By Anjum Altaf
At the conclusion of the 2006 Asian Games I had written an article (Pakistan: A Downward Spiral) using performance in sports as an objective indicator of the structural changes that could have been taking place over the years in China, India, and Pakistan, respectively. The indicator pointed to a stunning improvement in China, an upward trend in India after a period of stagnation, and a steep decline in Pakistan.
Readers questioned the validity of the indicator but offered nothing better as an alternative. Given how cavalier people are in their comparisons between India and Pakistan, using broad generalizations of poverty and corruption to dismiss the diverging trends in the two countries, I continue to believe the indicator yields valuable insights to those who wish to face facts rather than deny reality.
In order to push the discussion further, I am presenting here the medals tally for India and Pakistan in the Commonwealth Games from 1954 to 2010, the latter still incomplete. I will use it to make a few broad observations followed by a discussion in which I would invite readers to participate.
India did not participate in the Games in 1962 and 1986. Pakistan did not participate in 1974, 1978, 1982 and 1986.
The data is from the official website of the Commonwealth Games.
Three clear periods and stages of performance can be identified with respect to India. A poor level till about 1962; an improved and stable level between 1966 and 1982; and markedly better level starting 1990 that shows all signs of getting even better in 2010.
The data for Pakistan shows two identifiable periods and stages. A reasonably good and stable level between 1954 and 1970 and a precipitous decline from 1990 onwards that seems set to continue in 2010.
The following observations can be made: Pakistan’s initial performance was better than India and remained comparable even after the improvements registered in India’s second stage. But while India continued to improve, Pakistan’s performance literally fell off a cliff and plunged to the very bottom.
These numbers are so stark and dramatic that even with all sorts of qualifications they tell a story. Such dramatic changes just do not happen randomly.
At a very broad level one can venture the following hypotheses:
- Given the common history till 1947, the relative similarity in performance in the very early period is plausible. The early bias in favor of Pakistan probably reflects the peculiarities of recruitment in the British army since the latter was the institution most involved in sports at that time.
- This peculiar advantage was eroded over time and similar economic and social trajectories could be attributed to the similarity in performance over the middle period.
- The respective break points seem to be the economic reforms in India and the Zia ul Haq Islamization in Pakistan. For the former, the rapid growth in the middle class and its preferences were reflected in the greater attention to sports and leisure activities. For the latter, the stagnation of the middle class and its religious inclinations deprived sports of whatever priority it had retained earlier.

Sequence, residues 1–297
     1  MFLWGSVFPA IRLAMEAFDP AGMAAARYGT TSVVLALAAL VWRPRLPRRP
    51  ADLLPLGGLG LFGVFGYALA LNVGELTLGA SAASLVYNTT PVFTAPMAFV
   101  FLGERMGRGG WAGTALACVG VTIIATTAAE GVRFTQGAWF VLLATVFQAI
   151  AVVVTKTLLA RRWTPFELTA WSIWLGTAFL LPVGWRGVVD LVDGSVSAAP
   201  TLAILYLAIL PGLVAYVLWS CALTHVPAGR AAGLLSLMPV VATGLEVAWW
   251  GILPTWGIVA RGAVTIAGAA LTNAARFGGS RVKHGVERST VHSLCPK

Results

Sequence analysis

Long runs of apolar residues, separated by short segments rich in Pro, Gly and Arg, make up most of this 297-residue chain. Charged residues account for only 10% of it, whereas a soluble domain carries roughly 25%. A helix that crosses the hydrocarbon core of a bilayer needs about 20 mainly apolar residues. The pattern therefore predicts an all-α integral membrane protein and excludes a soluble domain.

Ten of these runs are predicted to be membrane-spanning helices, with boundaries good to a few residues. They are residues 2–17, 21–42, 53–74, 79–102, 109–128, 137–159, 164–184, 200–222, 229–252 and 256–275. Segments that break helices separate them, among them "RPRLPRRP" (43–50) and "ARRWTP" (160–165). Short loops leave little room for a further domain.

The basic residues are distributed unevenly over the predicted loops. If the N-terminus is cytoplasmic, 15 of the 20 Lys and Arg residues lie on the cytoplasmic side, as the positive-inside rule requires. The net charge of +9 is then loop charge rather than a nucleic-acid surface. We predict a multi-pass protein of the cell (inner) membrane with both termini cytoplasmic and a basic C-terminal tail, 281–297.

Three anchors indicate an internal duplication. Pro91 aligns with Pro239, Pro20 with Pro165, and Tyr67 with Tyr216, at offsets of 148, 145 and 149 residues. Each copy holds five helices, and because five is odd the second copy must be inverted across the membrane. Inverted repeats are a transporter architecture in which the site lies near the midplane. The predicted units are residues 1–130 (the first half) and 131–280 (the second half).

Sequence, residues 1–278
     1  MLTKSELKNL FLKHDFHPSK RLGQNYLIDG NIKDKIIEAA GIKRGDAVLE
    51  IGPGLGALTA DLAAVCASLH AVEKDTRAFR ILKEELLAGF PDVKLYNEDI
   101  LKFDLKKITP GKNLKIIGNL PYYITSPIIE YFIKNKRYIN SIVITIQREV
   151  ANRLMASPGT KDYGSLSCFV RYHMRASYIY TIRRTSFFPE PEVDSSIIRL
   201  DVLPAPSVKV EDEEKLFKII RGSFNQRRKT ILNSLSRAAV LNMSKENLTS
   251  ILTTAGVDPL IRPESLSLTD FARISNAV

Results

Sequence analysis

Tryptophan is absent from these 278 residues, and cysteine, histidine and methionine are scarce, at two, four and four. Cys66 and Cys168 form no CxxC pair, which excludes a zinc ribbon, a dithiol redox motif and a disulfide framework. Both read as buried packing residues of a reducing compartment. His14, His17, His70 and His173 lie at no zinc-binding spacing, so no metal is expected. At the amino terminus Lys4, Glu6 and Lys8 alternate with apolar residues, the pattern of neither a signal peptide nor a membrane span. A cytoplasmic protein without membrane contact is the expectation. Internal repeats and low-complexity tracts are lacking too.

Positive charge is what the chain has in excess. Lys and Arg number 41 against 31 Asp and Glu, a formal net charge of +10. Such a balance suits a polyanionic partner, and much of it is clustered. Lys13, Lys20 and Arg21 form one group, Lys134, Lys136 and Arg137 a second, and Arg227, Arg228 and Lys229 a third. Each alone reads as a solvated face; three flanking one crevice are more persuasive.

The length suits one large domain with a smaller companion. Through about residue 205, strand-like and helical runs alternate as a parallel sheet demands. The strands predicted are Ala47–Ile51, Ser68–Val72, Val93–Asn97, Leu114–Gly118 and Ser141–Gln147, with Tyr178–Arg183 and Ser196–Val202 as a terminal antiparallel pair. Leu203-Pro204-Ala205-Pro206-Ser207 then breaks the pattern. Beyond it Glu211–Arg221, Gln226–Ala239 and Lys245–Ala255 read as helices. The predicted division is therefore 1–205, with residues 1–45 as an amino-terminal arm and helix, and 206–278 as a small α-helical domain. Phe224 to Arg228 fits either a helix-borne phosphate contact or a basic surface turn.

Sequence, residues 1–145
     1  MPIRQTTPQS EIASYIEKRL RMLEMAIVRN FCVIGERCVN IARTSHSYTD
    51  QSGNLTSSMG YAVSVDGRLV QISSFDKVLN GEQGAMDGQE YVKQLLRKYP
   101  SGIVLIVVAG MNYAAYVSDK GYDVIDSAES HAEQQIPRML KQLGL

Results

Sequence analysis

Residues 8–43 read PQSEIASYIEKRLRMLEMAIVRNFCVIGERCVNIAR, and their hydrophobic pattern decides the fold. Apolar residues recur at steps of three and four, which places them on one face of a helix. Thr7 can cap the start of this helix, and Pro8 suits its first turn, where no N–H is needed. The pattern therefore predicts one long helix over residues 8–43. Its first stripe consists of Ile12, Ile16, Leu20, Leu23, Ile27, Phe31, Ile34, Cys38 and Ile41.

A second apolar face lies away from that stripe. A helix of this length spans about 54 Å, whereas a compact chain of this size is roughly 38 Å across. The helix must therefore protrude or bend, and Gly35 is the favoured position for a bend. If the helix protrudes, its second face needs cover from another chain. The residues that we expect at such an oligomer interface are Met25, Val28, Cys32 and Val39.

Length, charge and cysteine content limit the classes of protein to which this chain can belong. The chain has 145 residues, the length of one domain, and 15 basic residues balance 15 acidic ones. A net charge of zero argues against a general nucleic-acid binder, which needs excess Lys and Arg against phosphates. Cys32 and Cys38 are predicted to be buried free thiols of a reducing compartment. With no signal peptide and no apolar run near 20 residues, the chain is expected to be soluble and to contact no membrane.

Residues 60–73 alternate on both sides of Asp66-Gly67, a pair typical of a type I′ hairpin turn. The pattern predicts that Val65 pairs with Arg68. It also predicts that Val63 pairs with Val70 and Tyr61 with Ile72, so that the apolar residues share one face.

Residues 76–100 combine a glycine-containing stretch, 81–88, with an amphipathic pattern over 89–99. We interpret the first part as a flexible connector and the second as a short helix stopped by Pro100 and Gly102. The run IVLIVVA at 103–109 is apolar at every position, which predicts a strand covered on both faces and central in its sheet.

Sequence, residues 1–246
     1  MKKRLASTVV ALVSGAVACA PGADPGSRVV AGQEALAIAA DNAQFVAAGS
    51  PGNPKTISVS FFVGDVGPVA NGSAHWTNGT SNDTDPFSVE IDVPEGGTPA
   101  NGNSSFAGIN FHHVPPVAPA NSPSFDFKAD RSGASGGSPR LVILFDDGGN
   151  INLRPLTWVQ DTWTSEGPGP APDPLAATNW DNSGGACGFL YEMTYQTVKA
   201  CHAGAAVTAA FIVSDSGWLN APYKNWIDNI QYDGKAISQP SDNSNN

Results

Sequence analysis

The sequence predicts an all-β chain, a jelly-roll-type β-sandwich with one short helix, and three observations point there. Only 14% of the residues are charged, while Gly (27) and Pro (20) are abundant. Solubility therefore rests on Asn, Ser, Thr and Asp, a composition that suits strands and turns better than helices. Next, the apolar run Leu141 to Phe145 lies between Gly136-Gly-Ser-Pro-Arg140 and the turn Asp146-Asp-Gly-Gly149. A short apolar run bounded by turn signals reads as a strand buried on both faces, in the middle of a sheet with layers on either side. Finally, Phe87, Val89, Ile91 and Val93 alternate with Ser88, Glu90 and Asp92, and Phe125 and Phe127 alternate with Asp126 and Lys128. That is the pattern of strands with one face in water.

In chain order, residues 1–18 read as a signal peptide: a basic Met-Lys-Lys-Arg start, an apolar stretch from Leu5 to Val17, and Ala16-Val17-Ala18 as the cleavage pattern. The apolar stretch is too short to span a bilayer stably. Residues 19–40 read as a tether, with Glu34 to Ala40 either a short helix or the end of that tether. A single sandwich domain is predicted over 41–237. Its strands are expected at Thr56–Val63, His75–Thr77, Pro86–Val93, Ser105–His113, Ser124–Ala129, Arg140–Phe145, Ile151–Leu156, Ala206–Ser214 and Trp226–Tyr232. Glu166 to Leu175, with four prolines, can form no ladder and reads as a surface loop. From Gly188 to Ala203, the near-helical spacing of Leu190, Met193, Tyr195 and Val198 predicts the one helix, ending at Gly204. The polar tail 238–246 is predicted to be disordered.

- Contributing to the sharp divergence was the divergence in the place accorded to women in society. With the growth of the middle class in a secular India, the number of women participating in sports increased disproportionately. In Pakistan, the Islamization process actually reduced the proportion of women participating in sports. This factor by itself could account for a considerable extent of the change in the overall performance of the two countries.
As I have mentioned earlier the numbers and the trends are so dramatic that they cannot be dismissed as coincidences. They command attention and deserve discussion. I realize that there is a subset of readers who argue that performance in sports is irrelevant and unimportant to the larger picture. I do not wish to debate that perspective. My objective is not to convince readers that performance in sport is important or indicative of other processes that might be going on in society though I personally subscribe to the latter position. Rather, in this discussion my limited objective is to try and figure out how we can explain the observed difference in an objective indicator irrespective of its importance to larger aspects of life.
How do we explain the change? Is it the case that Pakistanis have just lost interest in sports or in competing? Have they just realized that sports is actually insignificant and a waste of resources? Has the focus shifted completely from sports as pride in performance to sports as a source of personal accumulation? Do the atrocious cases of leadership in cricket and in the fracas over carrying the flag at the Commonwealth Games point to even a deeper malaise in Pakistani society that we are refusing to acknowledge and confront? And are these not connected to the larger aspects of life?